In the third book, The Grey King, we move to Wales, which is EVEN MORE picturesque and rural and adorable than Buckinghamshire or Cornwall. The book features some handy scenes in which Bran, an albino boy with a ~mysterious past~, teaches Will how to pronounce Welsh place-names, which was quite useful even if it didn’t move the plot forward for an entire half chapter. In this book, Will has to acquire a lost golden harp (Thing of Power #3), so that he can wake six Sleepers and banish the Grey King and vanquish evil foxes and some other stuff, and Bran can learn about his mysterious past. There are also a lot of altercations with a nasty sheep farmer named Caradog Pritchard, who wants to shoot everybody’s dogs. We learn a lot about Welsh history and mythology, including some odd takes on the King Arthur legends. Everyone drinks a lot of tea, and there are a LOT of sheep.
The fourth and final book is Silver on the Tree, which brings us back to Wales. This time, Simon, Jane and Barney Drew are on holiday in Wales, and so is Will, and of course Bran lives there. The five children and Merriman make up “the Six,” which means they all have important parts to play when the Light wields the four Things of Power to stop the Dark from winning their final Rising. First they have to get the fourth Thing, which is a crystal sword, which made me laugh so hard I almost died. (Maybe a crystal sword was less cheesy when these books were written thirty-five years ago. When did crystals get overdone to the point of being always silly?) Bran’s mysterious past is extremely important in this plot, and there are hints of a childlike attraction between him and Jane that doesn’t really go anywhere. This book is even heavier on all sorts of old British Isles history and mythology that I’d never heard of, all about medieval Welsh uprisings and King Arthur and glass towers and things. I felt like the grand climax of the Dark’s final attempt at Rising was a little strained, what with the really complicated choreography of fourteen hundred MacGuffins (now including a tree and a very specific bunch of flowers) and destinies (way more than the allotted Six) and too many myths all showing up at once. But it was a really good ride getting there.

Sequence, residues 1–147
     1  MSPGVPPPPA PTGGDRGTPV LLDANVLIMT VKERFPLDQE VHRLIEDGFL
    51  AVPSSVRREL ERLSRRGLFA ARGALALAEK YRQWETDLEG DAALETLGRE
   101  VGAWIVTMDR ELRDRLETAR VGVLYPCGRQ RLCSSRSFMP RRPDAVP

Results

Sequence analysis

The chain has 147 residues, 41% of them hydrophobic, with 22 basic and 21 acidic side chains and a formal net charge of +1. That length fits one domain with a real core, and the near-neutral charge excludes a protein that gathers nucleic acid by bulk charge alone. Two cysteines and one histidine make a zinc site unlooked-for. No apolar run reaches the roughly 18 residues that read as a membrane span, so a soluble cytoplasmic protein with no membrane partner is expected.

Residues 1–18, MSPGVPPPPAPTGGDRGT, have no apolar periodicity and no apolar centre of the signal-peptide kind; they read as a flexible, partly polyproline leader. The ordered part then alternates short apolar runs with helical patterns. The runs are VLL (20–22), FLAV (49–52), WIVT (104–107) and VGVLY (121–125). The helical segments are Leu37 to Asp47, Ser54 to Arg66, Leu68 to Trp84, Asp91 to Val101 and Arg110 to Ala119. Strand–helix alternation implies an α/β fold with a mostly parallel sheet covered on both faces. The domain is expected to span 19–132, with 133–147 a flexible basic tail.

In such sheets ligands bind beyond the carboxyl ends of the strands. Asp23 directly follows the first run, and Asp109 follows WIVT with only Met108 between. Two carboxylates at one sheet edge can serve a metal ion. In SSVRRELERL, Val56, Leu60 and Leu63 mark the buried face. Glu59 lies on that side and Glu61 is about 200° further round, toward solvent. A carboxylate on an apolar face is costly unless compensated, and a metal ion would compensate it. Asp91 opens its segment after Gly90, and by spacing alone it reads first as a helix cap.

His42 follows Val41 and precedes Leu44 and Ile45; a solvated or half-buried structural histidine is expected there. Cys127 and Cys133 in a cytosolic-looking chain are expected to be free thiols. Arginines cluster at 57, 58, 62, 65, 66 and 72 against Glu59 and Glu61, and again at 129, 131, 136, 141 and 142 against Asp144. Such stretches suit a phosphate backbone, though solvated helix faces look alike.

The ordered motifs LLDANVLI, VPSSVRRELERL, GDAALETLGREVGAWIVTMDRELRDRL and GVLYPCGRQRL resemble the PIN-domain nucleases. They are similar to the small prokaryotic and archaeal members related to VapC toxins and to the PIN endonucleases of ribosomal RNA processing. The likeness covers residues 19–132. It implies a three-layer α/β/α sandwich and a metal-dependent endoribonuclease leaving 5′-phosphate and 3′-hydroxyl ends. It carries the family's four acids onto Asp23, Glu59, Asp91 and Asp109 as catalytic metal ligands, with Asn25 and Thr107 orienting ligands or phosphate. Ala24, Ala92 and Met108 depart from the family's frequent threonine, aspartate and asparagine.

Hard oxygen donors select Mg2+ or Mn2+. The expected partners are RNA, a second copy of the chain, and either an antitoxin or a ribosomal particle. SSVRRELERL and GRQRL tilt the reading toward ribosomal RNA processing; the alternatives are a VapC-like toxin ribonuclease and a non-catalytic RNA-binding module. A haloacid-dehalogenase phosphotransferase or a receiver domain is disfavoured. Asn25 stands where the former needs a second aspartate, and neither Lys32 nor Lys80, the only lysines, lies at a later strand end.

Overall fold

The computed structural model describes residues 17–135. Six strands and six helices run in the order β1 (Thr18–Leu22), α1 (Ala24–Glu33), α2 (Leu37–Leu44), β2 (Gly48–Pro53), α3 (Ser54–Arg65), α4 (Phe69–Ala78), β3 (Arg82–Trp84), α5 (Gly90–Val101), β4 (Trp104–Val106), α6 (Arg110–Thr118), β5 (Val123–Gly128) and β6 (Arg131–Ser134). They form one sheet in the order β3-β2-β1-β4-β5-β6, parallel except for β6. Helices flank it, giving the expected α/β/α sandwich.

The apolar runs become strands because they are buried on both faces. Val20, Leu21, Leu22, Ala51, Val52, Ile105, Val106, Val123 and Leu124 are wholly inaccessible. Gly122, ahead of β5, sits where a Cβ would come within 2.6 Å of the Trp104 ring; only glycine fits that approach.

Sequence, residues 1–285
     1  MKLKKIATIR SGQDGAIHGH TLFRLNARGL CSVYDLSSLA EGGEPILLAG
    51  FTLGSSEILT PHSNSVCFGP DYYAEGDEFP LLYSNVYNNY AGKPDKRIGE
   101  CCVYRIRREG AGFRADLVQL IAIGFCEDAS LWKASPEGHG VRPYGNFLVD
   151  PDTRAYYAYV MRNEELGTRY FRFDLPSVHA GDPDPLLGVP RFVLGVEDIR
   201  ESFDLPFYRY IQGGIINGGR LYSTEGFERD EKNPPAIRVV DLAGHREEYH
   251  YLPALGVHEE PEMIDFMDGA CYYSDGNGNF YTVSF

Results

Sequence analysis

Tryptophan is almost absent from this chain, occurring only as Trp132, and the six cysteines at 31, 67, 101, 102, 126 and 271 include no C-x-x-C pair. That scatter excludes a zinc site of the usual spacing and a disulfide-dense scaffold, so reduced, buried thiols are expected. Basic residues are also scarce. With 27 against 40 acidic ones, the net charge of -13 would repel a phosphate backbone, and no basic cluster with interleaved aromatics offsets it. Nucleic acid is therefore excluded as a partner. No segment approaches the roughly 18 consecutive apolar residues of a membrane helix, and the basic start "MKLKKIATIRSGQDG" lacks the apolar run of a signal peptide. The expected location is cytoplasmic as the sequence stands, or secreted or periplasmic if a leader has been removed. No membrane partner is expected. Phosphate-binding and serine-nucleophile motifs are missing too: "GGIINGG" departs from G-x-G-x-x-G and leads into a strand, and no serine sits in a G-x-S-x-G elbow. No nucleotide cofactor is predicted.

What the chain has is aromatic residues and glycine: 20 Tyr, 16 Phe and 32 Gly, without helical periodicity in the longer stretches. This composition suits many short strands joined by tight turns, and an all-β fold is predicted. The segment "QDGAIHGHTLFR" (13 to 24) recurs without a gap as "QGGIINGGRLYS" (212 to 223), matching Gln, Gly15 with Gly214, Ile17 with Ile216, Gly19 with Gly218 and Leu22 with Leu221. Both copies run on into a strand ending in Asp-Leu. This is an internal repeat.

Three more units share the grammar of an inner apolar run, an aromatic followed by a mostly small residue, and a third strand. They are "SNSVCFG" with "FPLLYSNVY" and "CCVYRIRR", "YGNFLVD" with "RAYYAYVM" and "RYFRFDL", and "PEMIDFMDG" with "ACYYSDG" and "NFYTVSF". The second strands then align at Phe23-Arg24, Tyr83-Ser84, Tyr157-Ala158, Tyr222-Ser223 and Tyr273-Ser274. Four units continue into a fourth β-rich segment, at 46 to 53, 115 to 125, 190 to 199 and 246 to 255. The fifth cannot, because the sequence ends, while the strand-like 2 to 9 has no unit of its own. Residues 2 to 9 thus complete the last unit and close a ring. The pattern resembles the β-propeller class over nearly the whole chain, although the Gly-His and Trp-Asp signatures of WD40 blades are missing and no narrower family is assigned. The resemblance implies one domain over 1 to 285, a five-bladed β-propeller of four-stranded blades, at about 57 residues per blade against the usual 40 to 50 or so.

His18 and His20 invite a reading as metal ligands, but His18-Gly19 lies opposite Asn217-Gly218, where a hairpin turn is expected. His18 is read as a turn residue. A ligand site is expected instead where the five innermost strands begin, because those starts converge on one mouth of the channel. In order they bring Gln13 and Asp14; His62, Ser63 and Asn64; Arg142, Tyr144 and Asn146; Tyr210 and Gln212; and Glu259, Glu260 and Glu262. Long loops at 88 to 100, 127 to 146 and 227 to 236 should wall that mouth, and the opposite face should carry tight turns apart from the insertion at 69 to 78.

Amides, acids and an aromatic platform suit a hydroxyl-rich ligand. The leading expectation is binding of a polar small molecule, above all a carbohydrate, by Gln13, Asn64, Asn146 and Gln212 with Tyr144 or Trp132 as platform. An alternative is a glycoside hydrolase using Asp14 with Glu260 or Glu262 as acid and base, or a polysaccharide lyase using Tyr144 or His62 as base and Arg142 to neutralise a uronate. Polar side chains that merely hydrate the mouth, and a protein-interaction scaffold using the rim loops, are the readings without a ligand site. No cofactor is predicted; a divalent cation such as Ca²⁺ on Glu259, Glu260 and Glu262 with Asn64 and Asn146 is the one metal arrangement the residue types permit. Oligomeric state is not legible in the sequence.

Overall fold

The series as a whole is an odd mix of epic and adorable, and somehow the flavor of it kind of reminds me of Monica Furlong’s Wise Child, which I read several hundred times as a child. It’s got that whole creepy rural-Celtic-Britain mythos going on, which always has a particular feel, and which I really can’t find the proper words for. The Dark is Rising Sequence clearly shares a lot of tropes with The Lord of the Rings, but somehow comes off as a lot darker, despite being written for a much younger audience. It might just be the contrast between the main plot and all the adorable sheep-farming scenes, though.
Like many British novels, this series induced me to drink several dozen cups of tea while I was reading it.
NOTE: Amazon tells me there are actually FIVE books in this series, WHAT IS THIS I MUST FIND IT AND READ IT.
NOTE #2: The post title is not from this series; it is something a Nac Mac Feegle says (more or less) in one of Terry Pratchett's Discworld books.